About 10 years ago a Belgian Shepherd lover by the name of Jenni Allen rescued three Belgian Tervurens from an abusive owner. The three were a father and two daughters. I was considering getting a dog and took my (then) very young boys to look at this rescued family, where they were being kept at a kennel. I had decided to take one of the daughters who were then young pups. I really didn’t want to deal with the psychological baggage that comes with an adult rescue dog. On our way to see the pups we passed the run of the father. I intentionally did not look at him but my son Morgan wanted to meet him and begged me to take him into the run. As soon as we opened the gate, this dog threw himself at me and almost leapt into my arms as if he had known me all his life and had been separated from me. In spite of my best intentions to take one of the daughters, I ended-up adopting a three & a half year old Belgian Tervuren with some pretty deeply engraved emotional trauma. I can’t remember what his name was at the time and I had decided not to further complicate his life by changing his name at that age, but it didn’t take long to realise that he had never been addressed by his name. And so he became “Kili” – short for Kilimanjaro.
Kili had been permanently caged and never exercised. At the time I lived near the exquisite aptly named Long Beach. I shall never forget the look on Kili’s face when he saw seven kilometres of open space and was given permission to run. He ran non-stop for two and half hours! In the early days taking him for a walk was an ordeal because it took me at least 2 hours to get him back to the car. He also ran away every time the house gate was opened. He would run through the traffic to the nearby park and simply run and run and run around the park. But soon he realized that we would go for a walk every day and then he stopped running away. But from then onwards Long Beach was always his favourite place.
Kili’s life had changed for the better. He accompanied me on all of my walks. On his first mountain walk ever he did not know how to negotiate a 40 cm high rock! But he soon became my Prince of the Mountain – agile and energetic, with remarkable stamina. I’m sure that it was his love of walking the mountain, especially after the deprivation of his early years that drove him. He never tired, no matter the temperature or the distance. He was unstoppable and never complained. He just wanted more mountain . . .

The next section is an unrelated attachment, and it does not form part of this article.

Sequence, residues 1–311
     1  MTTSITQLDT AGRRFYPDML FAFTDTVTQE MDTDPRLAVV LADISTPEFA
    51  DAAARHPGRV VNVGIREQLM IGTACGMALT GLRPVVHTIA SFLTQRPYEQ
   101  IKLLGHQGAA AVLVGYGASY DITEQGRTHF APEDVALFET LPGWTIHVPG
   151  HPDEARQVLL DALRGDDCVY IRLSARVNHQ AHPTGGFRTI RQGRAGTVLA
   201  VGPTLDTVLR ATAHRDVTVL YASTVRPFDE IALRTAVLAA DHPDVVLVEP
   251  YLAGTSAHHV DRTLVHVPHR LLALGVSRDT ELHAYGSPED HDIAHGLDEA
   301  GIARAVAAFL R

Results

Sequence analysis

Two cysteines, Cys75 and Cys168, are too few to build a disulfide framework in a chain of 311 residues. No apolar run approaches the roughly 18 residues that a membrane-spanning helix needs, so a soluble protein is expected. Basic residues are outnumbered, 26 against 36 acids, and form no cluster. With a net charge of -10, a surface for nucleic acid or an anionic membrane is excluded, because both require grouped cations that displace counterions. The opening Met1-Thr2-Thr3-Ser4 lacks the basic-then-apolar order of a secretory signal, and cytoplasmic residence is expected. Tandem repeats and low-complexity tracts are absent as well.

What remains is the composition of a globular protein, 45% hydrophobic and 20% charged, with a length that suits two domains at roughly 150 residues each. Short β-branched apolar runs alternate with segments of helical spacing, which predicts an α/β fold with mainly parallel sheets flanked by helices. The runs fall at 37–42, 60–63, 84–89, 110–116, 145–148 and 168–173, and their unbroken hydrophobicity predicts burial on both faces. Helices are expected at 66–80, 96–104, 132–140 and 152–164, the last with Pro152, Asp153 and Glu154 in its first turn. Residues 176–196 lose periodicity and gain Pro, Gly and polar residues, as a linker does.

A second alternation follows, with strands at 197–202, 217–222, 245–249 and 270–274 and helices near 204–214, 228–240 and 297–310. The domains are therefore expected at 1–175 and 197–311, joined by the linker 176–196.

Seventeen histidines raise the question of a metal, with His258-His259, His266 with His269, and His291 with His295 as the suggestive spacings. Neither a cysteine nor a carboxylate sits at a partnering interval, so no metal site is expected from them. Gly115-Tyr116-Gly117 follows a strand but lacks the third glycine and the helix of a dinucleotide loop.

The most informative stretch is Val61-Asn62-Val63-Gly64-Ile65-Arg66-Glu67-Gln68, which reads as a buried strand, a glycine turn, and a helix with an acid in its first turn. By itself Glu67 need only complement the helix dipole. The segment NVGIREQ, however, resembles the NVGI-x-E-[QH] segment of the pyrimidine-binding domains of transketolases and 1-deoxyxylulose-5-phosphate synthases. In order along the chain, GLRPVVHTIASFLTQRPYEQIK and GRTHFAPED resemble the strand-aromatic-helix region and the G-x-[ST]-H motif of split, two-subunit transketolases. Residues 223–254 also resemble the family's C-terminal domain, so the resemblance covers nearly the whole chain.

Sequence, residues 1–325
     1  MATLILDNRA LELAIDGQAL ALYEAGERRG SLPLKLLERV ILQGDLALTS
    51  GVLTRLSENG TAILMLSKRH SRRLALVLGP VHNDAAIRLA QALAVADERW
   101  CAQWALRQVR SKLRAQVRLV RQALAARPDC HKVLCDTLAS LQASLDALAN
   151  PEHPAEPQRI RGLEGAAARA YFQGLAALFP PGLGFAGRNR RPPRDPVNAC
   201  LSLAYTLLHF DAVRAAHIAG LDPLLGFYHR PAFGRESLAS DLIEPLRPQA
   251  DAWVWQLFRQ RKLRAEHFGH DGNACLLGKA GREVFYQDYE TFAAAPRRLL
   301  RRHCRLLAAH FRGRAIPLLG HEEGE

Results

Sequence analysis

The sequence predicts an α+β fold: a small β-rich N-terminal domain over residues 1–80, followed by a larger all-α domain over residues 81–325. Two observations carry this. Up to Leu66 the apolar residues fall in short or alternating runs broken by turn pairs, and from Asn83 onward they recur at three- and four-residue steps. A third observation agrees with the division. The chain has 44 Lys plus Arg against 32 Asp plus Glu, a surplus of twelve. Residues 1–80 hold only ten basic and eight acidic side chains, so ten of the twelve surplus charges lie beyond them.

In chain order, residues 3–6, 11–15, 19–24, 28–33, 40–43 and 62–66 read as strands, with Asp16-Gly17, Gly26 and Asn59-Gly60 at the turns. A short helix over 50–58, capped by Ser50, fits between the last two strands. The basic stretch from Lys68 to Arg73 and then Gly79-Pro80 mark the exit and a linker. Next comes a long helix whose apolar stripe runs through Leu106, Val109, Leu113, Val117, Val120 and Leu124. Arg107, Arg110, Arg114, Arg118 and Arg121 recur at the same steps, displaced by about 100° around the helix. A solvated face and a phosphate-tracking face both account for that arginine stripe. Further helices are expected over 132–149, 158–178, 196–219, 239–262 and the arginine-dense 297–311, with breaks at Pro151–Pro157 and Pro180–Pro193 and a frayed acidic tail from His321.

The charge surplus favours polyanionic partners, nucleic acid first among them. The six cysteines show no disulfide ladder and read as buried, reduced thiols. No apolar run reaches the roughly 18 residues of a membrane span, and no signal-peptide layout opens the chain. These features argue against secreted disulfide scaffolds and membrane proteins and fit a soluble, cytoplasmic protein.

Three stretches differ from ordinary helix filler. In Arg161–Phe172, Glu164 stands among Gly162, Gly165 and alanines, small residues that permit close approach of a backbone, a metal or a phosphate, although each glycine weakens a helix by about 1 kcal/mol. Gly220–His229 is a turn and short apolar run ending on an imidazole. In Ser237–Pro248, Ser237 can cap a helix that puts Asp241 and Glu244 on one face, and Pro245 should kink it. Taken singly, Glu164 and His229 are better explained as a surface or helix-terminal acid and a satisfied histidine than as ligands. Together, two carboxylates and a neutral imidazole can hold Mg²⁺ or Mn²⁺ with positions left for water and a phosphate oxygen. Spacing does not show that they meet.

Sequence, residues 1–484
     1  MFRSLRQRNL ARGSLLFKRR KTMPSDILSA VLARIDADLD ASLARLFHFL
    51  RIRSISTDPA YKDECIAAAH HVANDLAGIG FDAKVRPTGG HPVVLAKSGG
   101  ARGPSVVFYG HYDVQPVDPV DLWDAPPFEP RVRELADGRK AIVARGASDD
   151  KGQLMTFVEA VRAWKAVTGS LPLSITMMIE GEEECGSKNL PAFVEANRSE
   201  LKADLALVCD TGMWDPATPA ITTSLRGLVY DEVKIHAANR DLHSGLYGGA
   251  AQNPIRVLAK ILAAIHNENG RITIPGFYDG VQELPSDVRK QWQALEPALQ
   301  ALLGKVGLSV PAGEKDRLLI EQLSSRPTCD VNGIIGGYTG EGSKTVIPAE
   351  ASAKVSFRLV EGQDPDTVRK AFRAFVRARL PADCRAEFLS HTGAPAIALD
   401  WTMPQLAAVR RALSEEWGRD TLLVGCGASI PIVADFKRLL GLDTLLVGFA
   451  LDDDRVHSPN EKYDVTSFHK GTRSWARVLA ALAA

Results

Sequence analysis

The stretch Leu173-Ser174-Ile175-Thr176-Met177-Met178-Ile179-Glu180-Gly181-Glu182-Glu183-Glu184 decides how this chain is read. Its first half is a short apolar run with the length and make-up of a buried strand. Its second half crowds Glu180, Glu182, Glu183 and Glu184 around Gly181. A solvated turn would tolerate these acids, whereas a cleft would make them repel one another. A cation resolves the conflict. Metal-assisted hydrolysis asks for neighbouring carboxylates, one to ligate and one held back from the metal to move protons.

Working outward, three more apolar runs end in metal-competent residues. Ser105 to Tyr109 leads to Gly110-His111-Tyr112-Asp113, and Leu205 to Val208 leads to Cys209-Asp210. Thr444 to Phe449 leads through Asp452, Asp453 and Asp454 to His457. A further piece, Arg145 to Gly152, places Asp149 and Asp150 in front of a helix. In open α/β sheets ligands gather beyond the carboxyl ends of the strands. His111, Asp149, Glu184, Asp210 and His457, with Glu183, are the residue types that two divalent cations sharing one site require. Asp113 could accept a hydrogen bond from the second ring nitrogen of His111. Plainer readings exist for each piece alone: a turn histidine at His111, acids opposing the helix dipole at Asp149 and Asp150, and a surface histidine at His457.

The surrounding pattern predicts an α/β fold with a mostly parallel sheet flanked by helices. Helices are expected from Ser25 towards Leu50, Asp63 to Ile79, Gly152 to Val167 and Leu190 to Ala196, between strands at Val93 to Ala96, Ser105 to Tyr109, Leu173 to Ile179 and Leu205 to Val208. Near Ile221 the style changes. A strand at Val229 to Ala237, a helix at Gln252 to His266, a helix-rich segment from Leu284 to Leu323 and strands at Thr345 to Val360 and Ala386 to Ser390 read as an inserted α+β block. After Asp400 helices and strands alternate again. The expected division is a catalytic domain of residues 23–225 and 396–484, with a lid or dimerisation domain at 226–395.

He had a charismatic way of gently leaning up against my guests and if he especially wanted attention from someone he knew, he would wrap one of his paws around their leg. He was ever so elegant and would often lie with his front paws stylishly crossed.
On the mountain he was always at least 100 metres ahead of us, constantly checking on our progress. He endeared himself to hundreds of my guests who had the privilege of walking with him on Table Mountain – many of whom will be reading this eulogy. He was photographed by thousands more anonymous visitors to Table Mountain who were astounded by his elegance and beauty.
He last climbed Table Mountain fourteen months ago, when I noticed in spite of his resilience and passion for the mountain, that he was struggling up the higher rocks.
Thereafter he walked easier routes but it was only a few months ago that he completed a six-hour hike.
A week ago he had a mild seizure and bounced back. Yesterday he was once again dragging me behind him to have a walk at the park . . . but last night he had another seizure, which left him with permanent brain damage. His cognitive thought was unimpaired but his motor function was damaged. It was terrible to see him desperately trying to walk straight so that I could take him for a walk, but falling down repeatedly. And he still licked me lovingly as if to reassure me that all was OK, but the vet explained that the best was to help him on his way to Mount Olympus where he is now walking with the gods.
He was a gentle soul but he protected my family fiercely. His son Meru (who idolized him) and I will be lonely without him.
I will always remember my Prince of the Mountain in his favourite position – standing on a prominent rock above, somewhat aloof but stunningly handsome and keeping a watchful eye on me.
You chose me Kili. Farewell my gentle loyal friend.